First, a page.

The northern hemisphere seabird breeding is currently approaching its end; guillemots are leaping from the cliffs, pufflings are leaving their burrows and kittiwakes are fledgling from their nests.
SEGUL have had a busy season assisting with seabird fieldwork and research at numerous different colonies around the UK and Europe, but last week three members headed to the landlocked city of Sheffield.
Both the Quantitative Ecology and Movement Ecology themed days were packed with fascinating presentations, showcasing cutting-edge research in ecology. From the latest developments in spatial modelling, to integrating physiology with demography and movement, to novel bio-logging applications, a clear theme from the meeting was improving understanding of biological systems on both a larger and finer scale.
I found the broad range of talks on movement models especially interesting. Lots of people presented interesting applications of hidden Markov models (HMMs), used to characterise behaviours from time series data. Karine Heerah spoke on combining HMMs with spectral analysis to study cyclic behaviours in sea bass, while Grant Hopcraft used HMMs of wildebeest migration to show how starvation drives switches between movement and encamped phases of migration. Théo Michelot and Paul Blackwell talked about getting away from modelling behavioural switching in discrete time, and instead using continuous time to more accurately model movement.
My talk also featured use of HMMs. I’ve been working on links between personality and movement in kittiwakes breeding in Svalbard. The birds exhibit huge individual variation in their foraging movements, and our work tries to understand why. I use HMMs to identify where at-sea kittiwakes forage, and from these locations measure individual site fidelity (how consistent birds are in where they go to forage). I test how birds respond to a novel object (we use a plastic penguin toy, known as Butch) to get a measure of their personality, and see how a bird’s personality affects its foraging movements.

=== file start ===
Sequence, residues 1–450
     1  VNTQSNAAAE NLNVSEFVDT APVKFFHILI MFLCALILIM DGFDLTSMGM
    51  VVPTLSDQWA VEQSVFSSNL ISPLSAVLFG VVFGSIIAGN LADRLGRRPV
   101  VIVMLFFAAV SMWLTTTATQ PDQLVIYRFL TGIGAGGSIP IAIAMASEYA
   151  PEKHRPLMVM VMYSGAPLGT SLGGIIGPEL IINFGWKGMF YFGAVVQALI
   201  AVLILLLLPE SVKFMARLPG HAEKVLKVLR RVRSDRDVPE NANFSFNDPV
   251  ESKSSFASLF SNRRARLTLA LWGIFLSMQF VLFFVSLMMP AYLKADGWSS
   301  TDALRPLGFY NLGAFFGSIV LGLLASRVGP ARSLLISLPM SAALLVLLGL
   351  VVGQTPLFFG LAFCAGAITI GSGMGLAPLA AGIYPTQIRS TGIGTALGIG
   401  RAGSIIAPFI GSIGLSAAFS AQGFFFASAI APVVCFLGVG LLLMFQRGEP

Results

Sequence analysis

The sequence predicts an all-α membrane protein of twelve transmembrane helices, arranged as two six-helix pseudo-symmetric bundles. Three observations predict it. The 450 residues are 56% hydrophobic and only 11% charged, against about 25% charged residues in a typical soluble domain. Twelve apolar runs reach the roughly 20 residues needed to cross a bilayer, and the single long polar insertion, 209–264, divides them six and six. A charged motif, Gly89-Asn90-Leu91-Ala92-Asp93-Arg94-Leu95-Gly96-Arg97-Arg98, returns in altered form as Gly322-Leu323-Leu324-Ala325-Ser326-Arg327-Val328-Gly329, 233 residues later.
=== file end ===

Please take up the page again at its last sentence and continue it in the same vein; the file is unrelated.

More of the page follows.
I really enjoyed the BES SIG, and came away with a notebook full of pointers, thoughts and ideas sparked by presentations and chats in between.
It was great to hear James Grecian, research fellow at the University of St Andrews, starting the meeting off with a plenary on his ongoing research into harp seal migration. Harp seals live in the Arctic and rely on sea ice to breed and forage and are therefore susceptible to variability in sea ice concentrations. James highlighted the importance of studying the movement of these animals throughout the whole of the annual cycle, thereby encompassing the multiple threats that they might face at different times of year.
I also explored the concept of researching year-round animal movement within the talk that I gave. Whilst I have recently published work on auk diving behaviour immediately after the breeding season, I am currently working to piece together how guillemots survive the entire annual cycle. I am using fine-scale movement data to identify whether guillemot are swimming, diving, flying or resting, whilst also researching their broad-scale winter movements and migration strategies.
I am finding that lots of guillemots stay in the North Sea – an area that James referred to as an urbanised marine environment – throughout the whole year. I am looking forward to finding out how the birds utilise this ecosystem throughout the annual cycle and how the different strategies that they employ affect how much energy they use each day.
Another talk that I enjoyed was given by Natasha Klappstein who won the Methods in Ecology and Evolution sponsored prize for the best student talk. She uses data on polar bear movement in order to construct energy landscapes.
The BES SIG provided a fantastic opportunity to hear more about how researchers are doing similar things to me with some really exciting datasets and fascinating study systems.